I’ve spent some time sorting my keywords recently, after watching the fabulous Luminous Landscape video on organising. It’s taken a couple weeks, but then I only have about 1400 keywords and a decent starting point on a structure.
Along the way, I tried doing plants according to the scientific hierarchy with kingdom, family, species, clade etc. It was fascinating work (for me at least), but when I got to “grass” and took a look at the pictures in question, it struck me: Do I really want every picture that just happens to have grass as the background to include Plantae, Angiosperms, Monocots, Commelinids, Poales, and Poaceae in its keywords? Not really. So I scratched that idea and made a much simpler structure – for instance, arctic wolf is now in wolf inside canine inside mammal, and that’s it. It’s a good lithmus test for hierarchies: Would I want these parent keywords along whenever I use this keyword?
I have a few keywords left over that I’m not sure what do do about, especially the almost 3000 pictures that I have actually managed to tag with Nature.
Found a couple tricks on the way:
When moving keywords around, Lightroom has this funny idea of popping keyword folders open apparently for no good reason. Not just the ones you’re moving into, see. Entirely different ones that have nothing to do with the keyword you’re moving and that you didn’t go anywhere near. It turns out, though, that it only happens when you have some pictures showing in the grid view – like you do after you’ve clicked the arrow on the right side to check out what a keyword really means. I made sure to keep my Quick Collection empty, and then every time I’d checked out some pictures, I’d Apple-B to go to the quick collection. No more random opening.
LR doesn’t allow you to select a number of keywords and delete them all at once. If you right-click after selecting multiple keywords, it will just delete one. You can get around this by moving all but one of the keywords you want to delete into the last one and then deleting that, LR will take all the sub-keywords with it.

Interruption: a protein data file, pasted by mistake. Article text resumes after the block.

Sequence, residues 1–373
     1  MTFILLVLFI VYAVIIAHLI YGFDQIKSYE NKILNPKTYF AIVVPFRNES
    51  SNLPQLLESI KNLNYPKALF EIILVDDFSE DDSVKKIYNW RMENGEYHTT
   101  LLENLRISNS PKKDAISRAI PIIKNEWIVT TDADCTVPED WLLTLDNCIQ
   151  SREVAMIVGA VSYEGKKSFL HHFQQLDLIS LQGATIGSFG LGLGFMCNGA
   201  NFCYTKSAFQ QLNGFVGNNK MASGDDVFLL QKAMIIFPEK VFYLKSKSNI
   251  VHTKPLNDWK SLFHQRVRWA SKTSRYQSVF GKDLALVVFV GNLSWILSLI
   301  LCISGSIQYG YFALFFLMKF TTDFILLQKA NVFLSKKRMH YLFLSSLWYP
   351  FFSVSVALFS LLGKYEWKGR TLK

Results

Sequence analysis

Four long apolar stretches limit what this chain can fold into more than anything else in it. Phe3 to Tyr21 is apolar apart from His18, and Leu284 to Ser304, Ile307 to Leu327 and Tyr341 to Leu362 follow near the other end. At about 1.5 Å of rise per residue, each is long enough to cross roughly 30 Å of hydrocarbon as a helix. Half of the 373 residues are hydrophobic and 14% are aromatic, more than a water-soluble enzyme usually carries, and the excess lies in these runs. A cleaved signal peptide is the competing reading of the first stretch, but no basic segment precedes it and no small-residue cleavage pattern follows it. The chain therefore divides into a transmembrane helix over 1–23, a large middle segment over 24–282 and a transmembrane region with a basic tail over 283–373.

It’s not a bad idea to put the same keyword in multiple places, as long as you used the keyword entry line that gives drop-down suggestions when entering keywords. In that one, you see not just the keyword, but also what it’s inside, so you can pick the right one based on context. Just be careful to not overdo it – for instance, adding color keywords inside animals (black > cat, black > dog etc.) will get very messy very fast.
By prepending a ~ to your keyword folders, you can put them at the bottom of the list. That way, you can always see when you have entered new keywords without getting them into the right place. It might be a good idea to do even before sorting out your year-old list of keywords. By starting at the end of the alphabet, you won’t end up having to scroll over a lot of keywords to find the group you where looking for (say, because aadvark, anteater, ape, bird, beetle, and canine all came before feline where you want to drop cat into). I didn’t actually do that because I was halfway through before I thought of it.
If there are keywords you just can’t figure out where to put, put them aside for a while and go on with other ones. Not only will you get something done instead of frustrating yourself, you might find that subsequent revision of your keyword structure or just more familiarity with it tells you where to place them. Out of 1400 keywords, I have 11 I haven’t found a good place for.
Don’t try to improve the keywording on the pictures you run across while reorganising, or you’ll get nowhere. Only if the same keyword has been used with different meanings, or you’ve created better hierarchy for something you labelled very generally at first should you change what keywords are on the photos.
If you find a keyword that has since turned into a keyword structure, and you want to sort them further down the structure, you may find that some of your pictures have the more precise keywords already. Say you find a few hundred pictures with USA on them, and in the meanwhile you’ve added Kansas, California, Idaho and Florida under USA in your World Location keyword folder. Some of them, but not all, have the state already on them. To avoid having to re-keyword unnecessarily, use the Quick Collection as a scratch pad. Select and add all the USA pictures to Quick Collection. Then go through the sub-keywords that have a ‘partial match’ dash next to them, and for each of those, go to those pictures, select them all and remove them from Quick Collection. Eventually you’ll end up with a Quick Collection of just photos that need to be re-keyworded to something more precise. This can also be used later when you find a good way to subdivide a keyword.